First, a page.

Turn your US education dream into your reality.

The COVID-19 pandemic continues to take a massive toll on lives and livelihoods around the globe. The public-health crisis and economic devastation we are experiencing now have thrown entire industries and institutions into turmoil. Higher education leaders responded quickly by moving to remote learning for the remainder of the 2019 academic year, but they now face a new challenge: 2020 enrollment. 

Understanding the potential impacts of COVID-19 on enrollment is critical, JD Group Nepal is conducting an exclusive online webinar for parents and students addressing the queries for online classes and enrollments process to study in US top universities. 

These five steps explain the process an international student can follow to study at a university or college in the U.S.:

1. Research Your Options. Post-secondary education includes six-degree levels. These levels include associate, bachelor, first-professional, master, advanced intermediate, and research doctorate. The U.S. system does not offer a second or higher doctorate but does offer postdoctoral research programs.

  • Find an education Advising Center in your country – Worldwide centers give international students advice on higher education. They can also help students find study opportunities in the United States.
  • College Navigator – Find and compare colleges by location, type of institution, programs, majors, and more.
  •  Student and Exchange Visitor Program (SEVP) – Certified School – Verify if the U.S. school that you are interested in is certified.

2. Finance Your Studies. The U.S. government does not provide loans, grants, or help with scholarships for international students. As an international student, you will have to find alternative sources of funding such as:

  • Your Home Country Education Authorities – Many countries offer foreign study funding for their nationals. To receive funding, they must qualify for and be admitted to an approved program or institution abroad. 
  • The International Admissions Office – Many U.S. academic institutions assist international students. Contact the international admissions office at the schools you are interested in to learn if you may be eligible for assistance.
  • Scholarships and Grants – Many organizations offer scholarships and grants for study and research. These organizations include private foundations, businesses, and nonprofits. 
  • Exchange Programs Administered by the U.S. Government – These programs assist qualified international students. 

3. Complete your application. In the U.S, colleges and universities establish their admission requirements. These usually include minimum scores on third-party standardized tests. Follow the application requirements set by the admissions office of the school you’re interested in.

  • Foreign Diploma and Credit Recognition – The U.S. has no single authority that evaluates foreign credentials. Academic institutions and state licensing boards recognize these credentials based on their requirements. Academic evaluations include coursework, degrees, and professional licenses.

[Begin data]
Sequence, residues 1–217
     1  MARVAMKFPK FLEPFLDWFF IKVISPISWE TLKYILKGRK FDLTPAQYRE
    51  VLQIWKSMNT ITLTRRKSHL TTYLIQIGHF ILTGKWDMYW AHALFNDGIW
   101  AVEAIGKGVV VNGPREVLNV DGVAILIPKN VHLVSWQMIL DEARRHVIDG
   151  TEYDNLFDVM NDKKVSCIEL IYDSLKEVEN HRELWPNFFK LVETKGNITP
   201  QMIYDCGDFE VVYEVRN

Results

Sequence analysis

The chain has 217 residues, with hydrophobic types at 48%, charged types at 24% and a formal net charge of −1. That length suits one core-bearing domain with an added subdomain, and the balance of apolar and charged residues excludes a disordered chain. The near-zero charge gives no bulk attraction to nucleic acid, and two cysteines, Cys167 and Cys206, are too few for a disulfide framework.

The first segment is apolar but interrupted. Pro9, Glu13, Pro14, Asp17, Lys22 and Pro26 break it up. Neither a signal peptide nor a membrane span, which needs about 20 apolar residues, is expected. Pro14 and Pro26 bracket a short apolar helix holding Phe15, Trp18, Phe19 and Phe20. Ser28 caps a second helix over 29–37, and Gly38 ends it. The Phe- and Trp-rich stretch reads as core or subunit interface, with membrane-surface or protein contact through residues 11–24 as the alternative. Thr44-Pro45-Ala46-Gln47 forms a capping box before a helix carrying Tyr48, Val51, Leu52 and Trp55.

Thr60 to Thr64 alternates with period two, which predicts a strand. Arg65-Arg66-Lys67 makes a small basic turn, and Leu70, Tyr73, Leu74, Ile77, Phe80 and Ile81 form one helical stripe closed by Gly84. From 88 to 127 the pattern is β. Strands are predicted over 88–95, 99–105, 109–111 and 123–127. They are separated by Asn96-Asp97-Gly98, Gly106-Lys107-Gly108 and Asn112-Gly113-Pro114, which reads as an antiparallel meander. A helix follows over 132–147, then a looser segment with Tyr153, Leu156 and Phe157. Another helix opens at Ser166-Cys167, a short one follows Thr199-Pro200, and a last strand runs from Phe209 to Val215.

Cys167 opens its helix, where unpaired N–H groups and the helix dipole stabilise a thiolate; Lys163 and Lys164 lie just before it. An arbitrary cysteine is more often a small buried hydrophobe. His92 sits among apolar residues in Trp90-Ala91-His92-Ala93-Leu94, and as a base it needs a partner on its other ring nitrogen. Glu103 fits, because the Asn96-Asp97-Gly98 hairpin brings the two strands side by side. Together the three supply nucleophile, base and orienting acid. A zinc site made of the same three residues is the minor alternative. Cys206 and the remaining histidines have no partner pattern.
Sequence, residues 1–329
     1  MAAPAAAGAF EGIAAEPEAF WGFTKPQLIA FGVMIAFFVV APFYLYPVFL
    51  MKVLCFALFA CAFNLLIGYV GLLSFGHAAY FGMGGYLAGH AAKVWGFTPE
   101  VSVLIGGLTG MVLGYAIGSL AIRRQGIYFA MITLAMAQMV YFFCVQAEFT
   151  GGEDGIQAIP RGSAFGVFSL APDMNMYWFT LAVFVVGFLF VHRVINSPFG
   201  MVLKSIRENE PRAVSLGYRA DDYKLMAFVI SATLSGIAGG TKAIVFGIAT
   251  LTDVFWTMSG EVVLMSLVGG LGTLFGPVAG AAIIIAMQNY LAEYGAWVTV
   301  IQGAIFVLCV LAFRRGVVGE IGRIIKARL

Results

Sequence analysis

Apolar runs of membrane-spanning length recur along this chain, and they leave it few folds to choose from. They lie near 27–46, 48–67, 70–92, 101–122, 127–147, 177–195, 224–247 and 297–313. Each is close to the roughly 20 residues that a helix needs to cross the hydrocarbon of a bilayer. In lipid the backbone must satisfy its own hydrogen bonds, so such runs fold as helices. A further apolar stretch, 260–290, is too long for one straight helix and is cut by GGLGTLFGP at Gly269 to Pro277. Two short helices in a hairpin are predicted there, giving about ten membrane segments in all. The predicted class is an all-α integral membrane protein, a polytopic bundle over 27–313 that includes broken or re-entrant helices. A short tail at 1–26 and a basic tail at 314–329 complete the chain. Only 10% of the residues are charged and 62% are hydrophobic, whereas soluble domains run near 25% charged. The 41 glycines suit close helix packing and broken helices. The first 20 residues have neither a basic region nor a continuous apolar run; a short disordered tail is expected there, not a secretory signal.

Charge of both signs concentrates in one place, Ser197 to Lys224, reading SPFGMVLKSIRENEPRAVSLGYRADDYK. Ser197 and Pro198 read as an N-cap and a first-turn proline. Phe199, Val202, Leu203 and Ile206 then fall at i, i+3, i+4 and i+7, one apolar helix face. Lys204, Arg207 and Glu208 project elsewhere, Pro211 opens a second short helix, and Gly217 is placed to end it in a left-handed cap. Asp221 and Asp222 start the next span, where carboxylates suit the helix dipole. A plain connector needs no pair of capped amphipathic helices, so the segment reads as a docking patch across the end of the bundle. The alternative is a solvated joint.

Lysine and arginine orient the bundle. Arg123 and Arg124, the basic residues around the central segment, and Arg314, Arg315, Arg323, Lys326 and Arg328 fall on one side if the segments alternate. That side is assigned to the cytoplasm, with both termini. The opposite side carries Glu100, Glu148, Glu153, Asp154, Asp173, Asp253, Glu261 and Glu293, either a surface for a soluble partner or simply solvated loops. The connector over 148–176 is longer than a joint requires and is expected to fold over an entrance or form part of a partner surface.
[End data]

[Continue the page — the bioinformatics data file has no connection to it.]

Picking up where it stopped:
• Standardized Tests – Some programs require students to take one or more standardized tests. Plan to take your tests in advance so your scores are available when you submit your application.
  • Test of English as a Foreign Language (TOFEL) – Many schools require this test to measure your English language skills.

4. Apply for your visa. Before you can apply for a student visa, you must be accepted by a SEVP -certified school.

  • Students Visas – Learn about the types of student visas, how to apply, fees, and required documents.
  • How to prepare for your visa appointment – You must pass an interview at a U.S. embassy or consulate. 

5. Prepare for departure. Explore these resources while you plan your move to the U.S.

  • Navigate the US Immigration System 
  • Life in the US. – Learn about American holidays, states, and other useful information.
  • Working while you study in the US- Find information for international students who want to work while attending school in the U.S. 
  • Training opportunities in the US – International students and new graduates can attend on-the-job training in the U.S. too. This training can supplement knowledge gained in their academic studies.
  • Foreign Visitors Driving in the US – Get quick facts for short-term visitors, students, and residents about driving in the U.S.
  • English as a Second Language – Learn English and improve basic reading, writing, speaking, and listening skills.
  • Income Taxes- Some international students may be subject to income tax.

 Hence, students aspiring to study in US can contact us to register for our informative live session @ 9801125553 and know about the top US Universities for the right courses via our online webinar on September 2, 2020 at around 4:30 pm.